THE family of Dáithí Mac Gabhann is to meet the secretary of state next week about the delay in the new organ donation legislation.
Dáithí’s Law, the opt-out organ donation system due to come into force in spring 2023, cannot be passed without a functioning government.
Named after Dáithí MacGabhann (6), who has been waiting for his transplant for most of his life after he was born with hypoplastic left heart syndrome, it would mean all adults became potential donors unless they specifically opted out.
Dáithí's parents Máirtín and Seph, who have campaigned tirelessly for the opt-out organ system, last week said they were devastated it had been stalled due to Stormont's stalemate.
After writing to Chris Heaton-Harris in the hope he may be able to bring it forward, they confirmed yesterday that they will hold discussions with him on February 1.
They added that the date marked the "start of national heart month".
The leaders of Northern Ireland's five main political parties had last week also united to write to the secretary of state asking him for legislative intervention to allow for the opt-out organ donation process, approved by the assembly last year, to go ahead.
The Department of Health requires secondary legislation to be passed by the assembly to become law and this cannot happen with Stormont suspended.
Meanwhile, former UUP assembly member Jo-Anne Dobson, who underwent transplant surgery to donate a kidney to her son, has also written to Mr Heaton-Harris urging him to "fully implement" the legislation on "behalf of people waiting so anxiously for a transplant".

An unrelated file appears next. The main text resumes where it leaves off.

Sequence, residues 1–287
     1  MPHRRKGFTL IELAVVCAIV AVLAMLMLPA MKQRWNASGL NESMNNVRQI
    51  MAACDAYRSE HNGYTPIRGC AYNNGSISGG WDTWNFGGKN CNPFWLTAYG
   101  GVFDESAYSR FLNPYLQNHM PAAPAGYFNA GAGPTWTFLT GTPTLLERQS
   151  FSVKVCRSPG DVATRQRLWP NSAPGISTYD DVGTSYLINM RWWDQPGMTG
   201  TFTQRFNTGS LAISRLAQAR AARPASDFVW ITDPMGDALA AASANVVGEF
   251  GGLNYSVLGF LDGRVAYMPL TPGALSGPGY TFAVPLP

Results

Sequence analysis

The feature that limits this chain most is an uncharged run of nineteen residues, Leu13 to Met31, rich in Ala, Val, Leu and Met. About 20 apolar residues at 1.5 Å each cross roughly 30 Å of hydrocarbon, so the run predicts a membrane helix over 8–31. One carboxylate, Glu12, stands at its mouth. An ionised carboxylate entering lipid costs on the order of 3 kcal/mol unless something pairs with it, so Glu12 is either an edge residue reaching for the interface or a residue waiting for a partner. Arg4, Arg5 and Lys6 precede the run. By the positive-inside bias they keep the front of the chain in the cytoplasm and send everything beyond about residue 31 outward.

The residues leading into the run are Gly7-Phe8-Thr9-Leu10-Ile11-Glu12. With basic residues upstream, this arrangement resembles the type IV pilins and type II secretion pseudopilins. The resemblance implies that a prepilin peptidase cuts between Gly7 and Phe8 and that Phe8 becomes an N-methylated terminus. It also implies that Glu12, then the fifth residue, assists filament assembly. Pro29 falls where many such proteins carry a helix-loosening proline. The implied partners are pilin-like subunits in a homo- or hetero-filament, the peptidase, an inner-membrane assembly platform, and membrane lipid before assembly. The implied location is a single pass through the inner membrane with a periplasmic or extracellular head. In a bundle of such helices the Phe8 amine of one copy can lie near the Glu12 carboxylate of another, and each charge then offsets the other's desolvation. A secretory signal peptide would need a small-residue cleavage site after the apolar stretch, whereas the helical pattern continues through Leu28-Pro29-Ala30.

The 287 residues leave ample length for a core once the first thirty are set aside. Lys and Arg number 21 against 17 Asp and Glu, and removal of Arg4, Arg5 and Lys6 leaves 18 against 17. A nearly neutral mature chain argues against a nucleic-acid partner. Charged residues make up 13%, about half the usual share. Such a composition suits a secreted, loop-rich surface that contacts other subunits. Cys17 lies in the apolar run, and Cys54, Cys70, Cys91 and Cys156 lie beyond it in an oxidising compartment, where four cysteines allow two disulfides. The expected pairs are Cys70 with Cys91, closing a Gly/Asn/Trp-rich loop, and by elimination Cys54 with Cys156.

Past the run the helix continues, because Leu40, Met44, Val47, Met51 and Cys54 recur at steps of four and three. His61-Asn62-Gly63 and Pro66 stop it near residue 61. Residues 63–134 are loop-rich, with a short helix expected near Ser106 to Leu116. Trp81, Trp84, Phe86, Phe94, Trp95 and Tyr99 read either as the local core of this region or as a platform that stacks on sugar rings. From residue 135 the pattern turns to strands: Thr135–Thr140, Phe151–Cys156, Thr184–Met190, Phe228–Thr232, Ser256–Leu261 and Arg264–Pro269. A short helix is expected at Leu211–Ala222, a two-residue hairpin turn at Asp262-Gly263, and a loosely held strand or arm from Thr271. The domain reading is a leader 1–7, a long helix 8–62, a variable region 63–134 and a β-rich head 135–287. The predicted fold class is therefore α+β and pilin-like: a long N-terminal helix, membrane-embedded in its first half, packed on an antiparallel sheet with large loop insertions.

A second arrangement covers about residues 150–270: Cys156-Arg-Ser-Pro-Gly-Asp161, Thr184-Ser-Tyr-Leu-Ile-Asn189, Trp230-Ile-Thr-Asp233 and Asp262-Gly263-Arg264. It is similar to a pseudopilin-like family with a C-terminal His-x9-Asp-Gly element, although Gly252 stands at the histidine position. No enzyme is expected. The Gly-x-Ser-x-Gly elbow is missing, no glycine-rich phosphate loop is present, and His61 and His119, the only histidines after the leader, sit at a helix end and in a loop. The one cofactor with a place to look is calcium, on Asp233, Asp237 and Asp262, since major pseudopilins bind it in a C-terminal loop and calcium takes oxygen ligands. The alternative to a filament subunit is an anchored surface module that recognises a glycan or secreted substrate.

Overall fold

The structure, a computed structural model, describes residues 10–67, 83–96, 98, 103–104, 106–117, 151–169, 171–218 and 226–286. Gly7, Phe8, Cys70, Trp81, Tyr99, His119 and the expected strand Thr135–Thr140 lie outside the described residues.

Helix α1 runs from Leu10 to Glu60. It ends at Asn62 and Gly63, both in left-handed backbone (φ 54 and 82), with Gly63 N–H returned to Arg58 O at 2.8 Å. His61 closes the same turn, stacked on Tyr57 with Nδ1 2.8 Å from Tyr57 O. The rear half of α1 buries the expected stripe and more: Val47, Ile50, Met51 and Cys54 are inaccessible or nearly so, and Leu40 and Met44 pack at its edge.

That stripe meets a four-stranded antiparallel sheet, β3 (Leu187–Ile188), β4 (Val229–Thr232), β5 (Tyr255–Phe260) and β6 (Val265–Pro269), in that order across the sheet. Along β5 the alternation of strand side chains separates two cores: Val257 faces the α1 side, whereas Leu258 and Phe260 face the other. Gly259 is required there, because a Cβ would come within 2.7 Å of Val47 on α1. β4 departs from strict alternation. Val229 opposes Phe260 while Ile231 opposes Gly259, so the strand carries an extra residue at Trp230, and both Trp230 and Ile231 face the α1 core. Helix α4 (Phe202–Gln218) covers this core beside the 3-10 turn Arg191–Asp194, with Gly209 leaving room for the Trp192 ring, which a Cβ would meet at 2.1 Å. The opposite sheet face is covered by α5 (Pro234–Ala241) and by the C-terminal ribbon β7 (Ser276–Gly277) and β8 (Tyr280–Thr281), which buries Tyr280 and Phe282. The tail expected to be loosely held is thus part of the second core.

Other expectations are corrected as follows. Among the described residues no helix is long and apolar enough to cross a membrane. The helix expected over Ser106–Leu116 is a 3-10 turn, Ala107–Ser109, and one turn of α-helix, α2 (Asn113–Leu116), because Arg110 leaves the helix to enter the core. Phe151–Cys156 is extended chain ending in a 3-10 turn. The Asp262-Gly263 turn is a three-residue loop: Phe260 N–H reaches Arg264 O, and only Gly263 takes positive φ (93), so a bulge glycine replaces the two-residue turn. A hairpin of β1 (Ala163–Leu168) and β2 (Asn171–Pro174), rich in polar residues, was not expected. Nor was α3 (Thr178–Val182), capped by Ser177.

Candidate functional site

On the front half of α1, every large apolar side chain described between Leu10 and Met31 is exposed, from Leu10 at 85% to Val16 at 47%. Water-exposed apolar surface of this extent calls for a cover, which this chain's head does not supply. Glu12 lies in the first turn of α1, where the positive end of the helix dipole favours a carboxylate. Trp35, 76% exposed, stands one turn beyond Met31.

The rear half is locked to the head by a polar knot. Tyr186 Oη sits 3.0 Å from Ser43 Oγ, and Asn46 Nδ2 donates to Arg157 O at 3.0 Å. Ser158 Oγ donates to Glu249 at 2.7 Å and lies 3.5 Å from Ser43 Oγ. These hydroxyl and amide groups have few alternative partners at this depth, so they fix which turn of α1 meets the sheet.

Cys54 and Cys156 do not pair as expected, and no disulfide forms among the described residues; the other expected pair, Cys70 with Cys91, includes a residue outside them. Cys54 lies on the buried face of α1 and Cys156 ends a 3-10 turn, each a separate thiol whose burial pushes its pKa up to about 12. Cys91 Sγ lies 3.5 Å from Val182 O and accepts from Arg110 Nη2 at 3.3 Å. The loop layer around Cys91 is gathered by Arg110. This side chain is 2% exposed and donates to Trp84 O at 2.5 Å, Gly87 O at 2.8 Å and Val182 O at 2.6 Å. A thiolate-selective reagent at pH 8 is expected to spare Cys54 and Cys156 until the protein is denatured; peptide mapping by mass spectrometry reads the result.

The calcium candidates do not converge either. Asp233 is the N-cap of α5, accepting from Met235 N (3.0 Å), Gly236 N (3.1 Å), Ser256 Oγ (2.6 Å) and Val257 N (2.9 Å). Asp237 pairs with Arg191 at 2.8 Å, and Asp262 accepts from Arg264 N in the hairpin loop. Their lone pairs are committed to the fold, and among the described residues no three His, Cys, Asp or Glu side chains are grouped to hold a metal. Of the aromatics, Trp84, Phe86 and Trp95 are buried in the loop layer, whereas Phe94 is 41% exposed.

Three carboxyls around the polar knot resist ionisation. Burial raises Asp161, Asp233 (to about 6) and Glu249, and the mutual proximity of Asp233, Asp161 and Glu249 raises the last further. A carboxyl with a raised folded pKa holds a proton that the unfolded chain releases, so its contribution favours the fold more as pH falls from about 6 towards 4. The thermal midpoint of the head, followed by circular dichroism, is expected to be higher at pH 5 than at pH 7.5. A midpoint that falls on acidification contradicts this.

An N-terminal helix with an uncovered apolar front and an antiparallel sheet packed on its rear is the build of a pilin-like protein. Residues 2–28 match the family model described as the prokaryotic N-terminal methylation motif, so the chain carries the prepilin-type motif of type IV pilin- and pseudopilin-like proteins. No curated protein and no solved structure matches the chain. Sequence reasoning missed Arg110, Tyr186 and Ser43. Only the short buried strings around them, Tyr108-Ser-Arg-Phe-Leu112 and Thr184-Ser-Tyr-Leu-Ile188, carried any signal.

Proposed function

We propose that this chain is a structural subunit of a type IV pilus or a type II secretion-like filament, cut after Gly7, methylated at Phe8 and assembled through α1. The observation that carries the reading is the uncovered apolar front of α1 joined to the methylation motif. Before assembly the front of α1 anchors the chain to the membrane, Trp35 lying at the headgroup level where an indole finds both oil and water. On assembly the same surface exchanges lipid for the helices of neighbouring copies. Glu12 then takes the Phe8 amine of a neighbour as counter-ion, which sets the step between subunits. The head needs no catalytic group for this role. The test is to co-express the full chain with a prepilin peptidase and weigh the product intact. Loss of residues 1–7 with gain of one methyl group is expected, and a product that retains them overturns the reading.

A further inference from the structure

Ms Dobson, the original proposer of an opt-out organ donation system at the assembly, said it would be "unforgivable" if the law was not passed.
"The passage of the bill - to be known as Dáithí ‘s Law - with crucial support across all major parties - was understandably a momentous occasion for Northern Ireland," she wrote.
"This was not always the case when, as a former MLA, I saw first-hand, in 2015, the issue of adopting an opt-out system become increasingly politicised at Stormont. This made it impossible to pass the bill at that time.
"It would be unforgivable were adopting an opt-out system, which is rooted in transforming and saving lives through organ donation, to once again become a victim of our political disagreements when, just last year it became a shining example of political agreement.
"I urge you to avoid the temptation to fold this bill into the current protracted political discussions, but rather to recognise that your personal intervention to fully implement opt-out would enable you to give local political parties a clear demonstration of what can be achieved when they do work together."
She added that the bill "brings hope to those who are waiting for a transplant, encourages people to think and talk about becoming an organ donor, prompting discussions which can save lives".